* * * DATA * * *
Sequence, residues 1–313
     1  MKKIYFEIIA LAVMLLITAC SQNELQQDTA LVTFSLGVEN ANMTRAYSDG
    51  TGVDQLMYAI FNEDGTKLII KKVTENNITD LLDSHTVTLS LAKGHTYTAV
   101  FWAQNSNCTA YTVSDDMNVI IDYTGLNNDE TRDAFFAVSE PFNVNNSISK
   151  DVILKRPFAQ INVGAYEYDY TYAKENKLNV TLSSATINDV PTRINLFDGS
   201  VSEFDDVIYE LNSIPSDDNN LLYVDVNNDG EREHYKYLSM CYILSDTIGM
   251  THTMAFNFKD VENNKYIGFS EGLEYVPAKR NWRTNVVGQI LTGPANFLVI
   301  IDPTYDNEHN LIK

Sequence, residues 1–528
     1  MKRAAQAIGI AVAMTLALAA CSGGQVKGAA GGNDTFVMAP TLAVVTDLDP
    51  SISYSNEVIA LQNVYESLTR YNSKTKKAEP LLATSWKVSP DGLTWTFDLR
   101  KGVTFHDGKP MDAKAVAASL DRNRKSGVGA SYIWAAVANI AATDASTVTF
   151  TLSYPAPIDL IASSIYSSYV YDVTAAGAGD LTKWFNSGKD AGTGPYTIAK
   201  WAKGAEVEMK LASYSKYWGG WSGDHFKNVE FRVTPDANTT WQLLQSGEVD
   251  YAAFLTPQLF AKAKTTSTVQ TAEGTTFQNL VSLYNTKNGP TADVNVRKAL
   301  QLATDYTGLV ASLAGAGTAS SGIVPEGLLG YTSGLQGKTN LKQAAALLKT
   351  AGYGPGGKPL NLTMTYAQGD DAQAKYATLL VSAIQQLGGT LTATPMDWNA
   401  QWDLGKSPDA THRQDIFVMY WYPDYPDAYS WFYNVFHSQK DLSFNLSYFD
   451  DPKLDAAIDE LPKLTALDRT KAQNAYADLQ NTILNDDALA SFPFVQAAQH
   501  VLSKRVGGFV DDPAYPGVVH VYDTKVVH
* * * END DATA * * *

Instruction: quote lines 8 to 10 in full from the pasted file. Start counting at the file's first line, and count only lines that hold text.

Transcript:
   301  IDPTYDNEHN LIK

Sequence, residues 1–528
     1  MKRAAQAIGI AVAMTLALAA CSGGQVKGAA GGNDTFVMAP TLAVVTDLDP